Mr. Gabriel Alves de Faria
Gabriel Alves de Faria is a Brazilian lawyer, LGBTI activist and human rights specialist who holds a Law degree from the Federal University of Espirito Santo and a European Master’s Degree in Human Rights and Democratisation (E. MA/EIUC - Utrecht University). Among other legal and social experiences in the human rights field, Gabriel has worked as a researcher in comparative sexual orientation Law at Leiden University and most recently as a Fellow and consultant lawyer at the LGBTI Rapporteurship of the Inter-American Commission on Human Rights in Washington, DC. His latest project is a documentary on the situation of LGBTI persons in Southeast Asia.

    This paper raises two methodological questions from a philosophical perspective: (i) what is involved in a functionalist approach to law and (ii) what should be the focus of such an approach? To answer these questions, I will take two steps with both. To begin with, I argue that Pettit’s view on functionalist approaches may be made relevant for law; functionalist accounts target a virtual mechanism that explains why a system will be resilient under changes in either the system or its environment. Secondly, I make a distinction between two interpretations of his key-concept ‘resilience’, one in mechanical, the other in teleological terms. With regard to the second question I will take two steps as well. I argue why it does not make sense to ascribe wide functions to law, followed by a plea for a limited view on the function of law. This limited view is based on a teleological understanding of the law’s resilience. I argue that these two modes are interrelated in ways that are relevant for the interdisciplinary study of law.


Bert van Roermund

    The article considers the role of the liberal public-private divide in protecting religious minorities against national-majoritarian assault. It links the defence of the public-private divide to liberal neutrality and argues that it rests on two distinct propositions: that the distinction between the ’public sphere’ and the ’private sphere’ is a meaningful way to cognize and structure modern pluralistic societies; and that there is a meaningful way to distinguish what is or ought to be ‘public’ from what is or ought to be ‘private.’ While the latter proposition cannot be defended on grounds of liberal neutrality, the former proposition provides the institutional framework for conducting liberal politics by enabling the negotiation of the public and the private between national majorities and religious minorities as members of the same political community.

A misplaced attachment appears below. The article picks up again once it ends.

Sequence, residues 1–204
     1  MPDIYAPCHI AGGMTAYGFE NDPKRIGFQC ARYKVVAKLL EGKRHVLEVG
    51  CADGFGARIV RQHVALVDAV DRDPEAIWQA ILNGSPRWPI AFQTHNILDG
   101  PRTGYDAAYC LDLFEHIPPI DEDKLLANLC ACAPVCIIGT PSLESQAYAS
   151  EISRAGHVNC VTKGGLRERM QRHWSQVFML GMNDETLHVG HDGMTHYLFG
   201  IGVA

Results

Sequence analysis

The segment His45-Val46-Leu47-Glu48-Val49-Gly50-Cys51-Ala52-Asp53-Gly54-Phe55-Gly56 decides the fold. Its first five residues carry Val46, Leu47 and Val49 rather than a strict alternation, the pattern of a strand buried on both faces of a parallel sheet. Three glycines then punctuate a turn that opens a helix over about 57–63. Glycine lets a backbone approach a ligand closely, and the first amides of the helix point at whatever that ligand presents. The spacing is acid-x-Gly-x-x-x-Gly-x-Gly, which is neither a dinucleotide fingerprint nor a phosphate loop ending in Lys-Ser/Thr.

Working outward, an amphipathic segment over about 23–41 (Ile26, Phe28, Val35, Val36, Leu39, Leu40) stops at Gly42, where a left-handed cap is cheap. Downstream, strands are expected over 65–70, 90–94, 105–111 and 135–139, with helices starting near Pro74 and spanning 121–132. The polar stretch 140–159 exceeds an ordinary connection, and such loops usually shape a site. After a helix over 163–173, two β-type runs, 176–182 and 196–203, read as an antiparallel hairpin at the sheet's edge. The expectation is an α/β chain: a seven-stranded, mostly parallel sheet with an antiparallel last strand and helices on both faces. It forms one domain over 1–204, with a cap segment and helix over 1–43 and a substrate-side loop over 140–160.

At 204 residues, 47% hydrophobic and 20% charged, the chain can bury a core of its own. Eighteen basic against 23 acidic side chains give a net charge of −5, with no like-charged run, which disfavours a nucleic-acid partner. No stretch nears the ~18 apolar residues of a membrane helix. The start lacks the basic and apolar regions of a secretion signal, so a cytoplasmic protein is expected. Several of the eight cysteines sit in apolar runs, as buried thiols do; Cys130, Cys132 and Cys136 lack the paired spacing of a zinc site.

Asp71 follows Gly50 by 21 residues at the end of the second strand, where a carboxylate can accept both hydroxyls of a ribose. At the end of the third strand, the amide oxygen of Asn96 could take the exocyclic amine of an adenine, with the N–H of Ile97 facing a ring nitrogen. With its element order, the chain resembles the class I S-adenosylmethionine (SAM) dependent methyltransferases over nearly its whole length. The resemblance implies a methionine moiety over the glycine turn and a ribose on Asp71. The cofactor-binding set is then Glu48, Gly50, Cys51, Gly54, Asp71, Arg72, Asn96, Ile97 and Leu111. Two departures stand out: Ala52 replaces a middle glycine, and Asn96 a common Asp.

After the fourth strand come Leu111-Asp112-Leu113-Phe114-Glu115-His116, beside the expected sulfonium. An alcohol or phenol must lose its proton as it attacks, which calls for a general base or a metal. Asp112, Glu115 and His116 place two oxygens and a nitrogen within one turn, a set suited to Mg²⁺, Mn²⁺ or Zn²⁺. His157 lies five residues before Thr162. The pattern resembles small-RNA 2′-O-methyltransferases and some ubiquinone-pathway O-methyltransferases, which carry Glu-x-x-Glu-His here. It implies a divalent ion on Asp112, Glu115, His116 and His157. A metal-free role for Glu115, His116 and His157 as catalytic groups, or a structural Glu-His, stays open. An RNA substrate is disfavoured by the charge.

Daniel Augenstein
Daniel Augenstein is Associate Professor at the Department of European and International Public Law at Tilburg University.
Artikel

Slachtoffers van onrecht: de psychologie van secundaire victimisatie (en positieve reacties voor slachtoffers)

Tijdschrift PROCES, Aflevering 2 2015
Trefwoorden slachtofferrechten, just-world theorie, negatieve reacties richting slachtoffers, steun richting slachtoffers
Auteurs Dr. Michèlle Bal
SamenvattingAuteursinformatie

    Victims play an increasingly more prominent role in the criminal justice process. While the consequences of victim participation in the judicial process have been criticized by researchers and practitioners alike, the possible negative consequences of secondary victimization has been largely neglected in this debate. From a social psychological perspective, I discuss research on just-world theory that can explain these negative reactions and give some insight into the processes that play a role in both negative and positive reactions toward victims. Implications for the law practitioners and scholars will be discussed.


Dr. Michèlle Bal
Dr. Michèlle Bal is universitair docent Criminologie aan het Instituut voor Strafrecht & Criminologie van de Universiteit Leiden.